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Managing nitrogen inputs into seagrass meadows near a coastal city: Flow-on from research to environmental improvement plans

Nayar, S., Collings, G., Pfennig, P., Royal, M.
Marine pollution bulletin 2012 v.64 no.5 pp. 932-940
coastal water, epiphytes, humans, models, nitrates, nitrogen, nitrogen content, pollution load, seagrasses, water pollution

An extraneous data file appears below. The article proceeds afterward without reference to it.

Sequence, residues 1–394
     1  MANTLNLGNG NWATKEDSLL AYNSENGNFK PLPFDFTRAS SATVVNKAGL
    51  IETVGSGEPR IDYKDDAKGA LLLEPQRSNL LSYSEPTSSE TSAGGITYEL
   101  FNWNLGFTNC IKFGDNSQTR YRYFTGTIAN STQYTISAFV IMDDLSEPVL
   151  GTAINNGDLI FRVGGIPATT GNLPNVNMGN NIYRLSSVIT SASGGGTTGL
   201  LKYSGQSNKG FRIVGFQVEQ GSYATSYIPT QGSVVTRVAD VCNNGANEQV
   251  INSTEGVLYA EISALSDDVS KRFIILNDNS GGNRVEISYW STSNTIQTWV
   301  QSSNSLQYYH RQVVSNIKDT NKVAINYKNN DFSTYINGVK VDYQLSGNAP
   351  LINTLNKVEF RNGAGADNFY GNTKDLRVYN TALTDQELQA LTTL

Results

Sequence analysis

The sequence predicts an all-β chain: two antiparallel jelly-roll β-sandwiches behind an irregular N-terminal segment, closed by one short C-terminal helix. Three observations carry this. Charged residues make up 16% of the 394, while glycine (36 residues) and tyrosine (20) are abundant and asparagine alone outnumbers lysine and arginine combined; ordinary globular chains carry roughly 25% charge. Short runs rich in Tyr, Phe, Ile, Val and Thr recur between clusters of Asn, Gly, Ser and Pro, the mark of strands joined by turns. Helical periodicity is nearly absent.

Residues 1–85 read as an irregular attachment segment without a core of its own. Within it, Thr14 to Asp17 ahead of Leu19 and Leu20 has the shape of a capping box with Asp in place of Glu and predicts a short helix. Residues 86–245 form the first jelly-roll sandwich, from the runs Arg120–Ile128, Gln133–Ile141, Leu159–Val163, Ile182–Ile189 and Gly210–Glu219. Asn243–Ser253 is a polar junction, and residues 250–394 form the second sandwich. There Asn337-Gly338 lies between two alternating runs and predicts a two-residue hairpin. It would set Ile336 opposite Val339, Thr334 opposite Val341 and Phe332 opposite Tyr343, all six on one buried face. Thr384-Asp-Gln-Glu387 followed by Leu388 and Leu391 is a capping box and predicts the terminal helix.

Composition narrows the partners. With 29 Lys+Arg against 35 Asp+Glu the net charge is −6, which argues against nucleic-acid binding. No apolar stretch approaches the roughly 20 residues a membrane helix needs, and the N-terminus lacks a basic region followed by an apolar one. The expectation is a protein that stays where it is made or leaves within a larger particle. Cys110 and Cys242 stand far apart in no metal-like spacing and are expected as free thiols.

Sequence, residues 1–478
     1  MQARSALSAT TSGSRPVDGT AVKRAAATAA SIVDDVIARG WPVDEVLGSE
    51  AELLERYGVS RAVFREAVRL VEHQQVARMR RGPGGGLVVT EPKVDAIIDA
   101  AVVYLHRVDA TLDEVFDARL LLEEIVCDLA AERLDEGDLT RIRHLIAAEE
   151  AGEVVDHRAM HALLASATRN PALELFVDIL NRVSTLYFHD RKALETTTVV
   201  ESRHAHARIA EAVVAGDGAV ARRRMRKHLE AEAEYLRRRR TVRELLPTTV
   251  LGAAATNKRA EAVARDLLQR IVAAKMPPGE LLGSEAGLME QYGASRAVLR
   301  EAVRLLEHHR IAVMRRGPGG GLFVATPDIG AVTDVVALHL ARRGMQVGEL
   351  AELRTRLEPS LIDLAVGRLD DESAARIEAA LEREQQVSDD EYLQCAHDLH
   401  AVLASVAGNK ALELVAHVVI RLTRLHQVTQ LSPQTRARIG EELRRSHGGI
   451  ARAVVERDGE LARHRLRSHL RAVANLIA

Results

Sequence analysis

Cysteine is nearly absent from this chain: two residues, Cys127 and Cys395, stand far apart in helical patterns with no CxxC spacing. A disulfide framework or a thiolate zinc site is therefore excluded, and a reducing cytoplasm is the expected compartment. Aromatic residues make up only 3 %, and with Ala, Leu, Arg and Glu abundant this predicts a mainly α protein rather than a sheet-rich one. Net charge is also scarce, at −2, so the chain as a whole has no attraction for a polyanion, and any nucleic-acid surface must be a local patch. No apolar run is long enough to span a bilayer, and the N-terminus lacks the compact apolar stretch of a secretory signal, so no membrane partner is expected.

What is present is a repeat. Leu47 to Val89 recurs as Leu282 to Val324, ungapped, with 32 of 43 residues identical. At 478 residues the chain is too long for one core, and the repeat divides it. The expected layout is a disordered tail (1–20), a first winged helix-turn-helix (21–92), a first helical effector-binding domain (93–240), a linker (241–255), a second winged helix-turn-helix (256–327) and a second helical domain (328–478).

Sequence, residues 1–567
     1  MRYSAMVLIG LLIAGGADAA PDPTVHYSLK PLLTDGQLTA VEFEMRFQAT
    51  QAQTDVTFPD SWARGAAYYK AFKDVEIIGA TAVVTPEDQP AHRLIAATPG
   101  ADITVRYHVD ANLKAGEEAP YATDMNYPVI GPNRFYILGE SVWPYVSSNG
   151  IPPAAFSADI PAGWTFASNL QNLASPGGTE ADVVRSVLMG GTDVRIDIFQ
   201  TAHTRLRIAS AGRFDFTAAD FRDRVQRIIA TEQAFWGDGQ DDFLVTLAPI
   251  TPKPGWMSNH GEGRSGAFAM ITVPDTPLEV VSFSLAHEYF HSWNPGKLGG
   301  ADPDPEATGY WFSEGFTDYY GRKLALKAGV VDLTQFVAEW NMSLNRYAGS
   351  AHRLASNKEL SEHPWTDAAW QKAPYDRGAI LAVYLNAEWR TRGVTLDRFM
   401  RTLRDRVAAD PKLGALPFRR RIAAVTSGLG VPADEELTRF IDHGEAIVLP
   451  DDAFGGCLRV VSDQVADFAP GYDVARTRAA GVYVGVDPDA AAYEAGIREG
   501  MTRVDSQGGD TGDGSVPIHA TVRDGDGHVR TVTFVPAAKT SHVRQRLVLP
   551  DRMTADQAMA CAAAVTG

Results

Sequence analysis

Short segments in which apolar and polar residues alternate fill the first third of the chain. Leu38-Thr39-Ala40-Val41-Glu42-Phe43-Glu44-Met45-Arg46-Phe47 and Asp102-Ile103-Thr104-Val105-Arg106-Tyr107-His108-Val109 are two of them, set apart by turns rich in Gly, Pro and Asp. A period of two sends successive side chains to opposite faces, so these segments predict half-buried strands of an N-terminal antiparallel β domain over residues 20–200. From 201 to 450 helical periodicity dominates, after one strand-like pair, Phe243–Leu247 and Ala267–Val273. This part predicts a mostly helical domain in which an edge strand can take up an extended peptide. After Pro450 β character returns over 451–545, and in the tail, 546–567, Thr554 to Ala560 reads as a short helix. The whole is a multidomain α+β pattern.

Increased human habitation has led to a 30 to 50-fold increase in nutrient loads to the coastal waters of Adelaide, resulting in the loss of over 5000ha of seagrass meadows. The rate of loss since the 1940s has been irregular, averaging 85hayr⁻¹, marked by a substantial peak between 1971 and 1977. A modelling approach allowed comparison of the annual input with the annual uptake rates for the different biotic components in the seagrass bed. In 2005, the estimated uptake of ammonium (465tyr⁻¹) and nitrate (3.04tyr⁻¹) by the seagrass and associated epiphytes in the Adelaide region accounted for 31% of the ammonium and <1% of the nitrate that is currently discharged into the coastal waters. Environment Improvement Programs, such as the one implemented in 1996, may reduce the total nitrogen loads to 700tyr⁻¹, possibly stemming further losses and facilitating recolonisation of new seagrass.